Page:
|2003||0.6364||0.4101||0.0083||0.933||y = 0.0083x2 + 0.4101x + 0.6364|
|F15||2000||1.4330||0.3334||0.0079||0.868||y = 0.0079x2 + 0.3334x + 1.433|
|2001||1.3663||0.3612||0.0076||0.881||y = 0.0076x2 + 0.3612x +1.3663|
|2002||1.0814||0.5267||0.0060||0.917||y = 0.006x2 + 0.5267x + 1.0814|
|2003||0.9064||0.2774||0.0096||0.923||y = 0.0096x2 + 0.2774x + 0.9064|
|2004||0.6344||0.4076||0.0083||0.946||y = 0.0083x2 + 0.4076x +0.6344|
|2005||0.6281||0.4850||0.0071||0.955||y = 0.0071x2 + 0.485x + 0.6281|
|2006||0.2504||0.6042||0.0057||0.979||y = 0.0057x2 + 0.6042x + 0.2504|
|2007||0.1775||0.6308||0.0049||0.983||y =0.0049x2 +0.6308x + 0.1775|
|F16||2004||0.7564||0.6403||0.0050||0.936||y = 0.005x2 + 0.6403x + 0.7564|
|2005||0.8615||0.4648||0.0073||0.963||y = 0.0073x2 + 0.4648x + 0.8615|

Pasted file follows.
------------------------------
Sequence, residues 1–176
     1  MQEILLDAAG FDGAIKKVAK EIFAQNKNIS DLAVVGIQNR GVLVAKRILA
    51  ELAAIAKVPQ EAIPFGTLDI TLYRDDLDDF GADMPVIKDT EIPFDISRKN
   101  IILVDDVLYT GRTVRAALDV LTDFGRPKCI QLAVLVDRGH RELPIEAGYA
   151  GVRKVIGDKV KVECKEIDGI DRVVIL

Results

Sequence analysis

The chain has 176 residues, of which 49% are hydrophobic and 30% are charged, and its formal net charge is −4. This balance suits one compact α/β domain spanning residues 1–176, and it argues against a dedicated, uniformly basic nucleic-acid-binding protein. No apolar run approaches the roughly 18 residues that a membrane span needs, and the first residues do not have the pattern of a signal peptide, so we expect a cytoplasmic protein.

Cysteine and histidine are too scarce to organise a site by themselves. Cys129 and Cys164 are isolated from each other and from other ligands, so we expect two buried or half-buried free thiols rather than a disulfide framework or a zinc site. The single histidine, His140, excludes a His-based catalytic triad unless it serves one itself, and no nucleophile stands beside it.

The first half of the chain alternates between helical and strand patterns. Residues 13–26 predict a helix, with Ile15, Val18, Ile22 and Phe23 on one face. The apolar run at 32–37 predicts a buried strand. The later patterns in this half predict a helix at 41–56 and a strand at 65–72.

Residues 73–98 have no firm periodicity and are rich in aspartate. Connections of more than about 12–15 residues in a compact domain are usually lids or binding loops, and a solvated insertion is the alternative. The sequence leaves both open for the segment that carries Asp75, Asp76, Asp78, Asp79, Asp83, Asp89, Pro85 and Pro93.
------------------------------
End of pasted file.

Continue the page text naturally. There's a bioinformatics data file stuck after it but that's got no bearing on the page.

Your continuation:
|2006||0.2173||0.7822||0.0029||0.976||y = 0.0029x2 + 0.7822x + 0.2173|
|2007||0.0000||1.0000||0.0000||1.000||y = x|
|2008||−0.0870||1.0258||−0.0003||0.983||y = −0.0003x2 + 1.0258x − 0.0870|
|2009||0.0057||1.0388||−0.0017||0.897||y = −0.0017x2 + 1.0388x + 0.0057|
|F18||2010||1.3743||0.1277||0.0121||0.848||y = 0.0121x2 + 0.1277x + 1.3743|
|Table 2. Nighttime urban light space classes and their dynamics.|
|City||Year||Core Urban Area||Transition|
|Light Space of Whole|
|Table 3. ULI and urbanization indicators of four cities.|
|City||Year||ULI||Traditional Urbanization Indicators|
|Urban Population (104)||Economic Indicators *(%)||Built-up Area (km2)|
*Economic indicator is the proportion of the secondary and tertiary industry in the regional GDP.
© 2014 by the authors; licensee MDPI, Basel, Switzerland. This article is an open access article distributed under the terms and conditions of the Creative Commons Attribution license ( http://creativecommons.org/licenses/by/3.0/).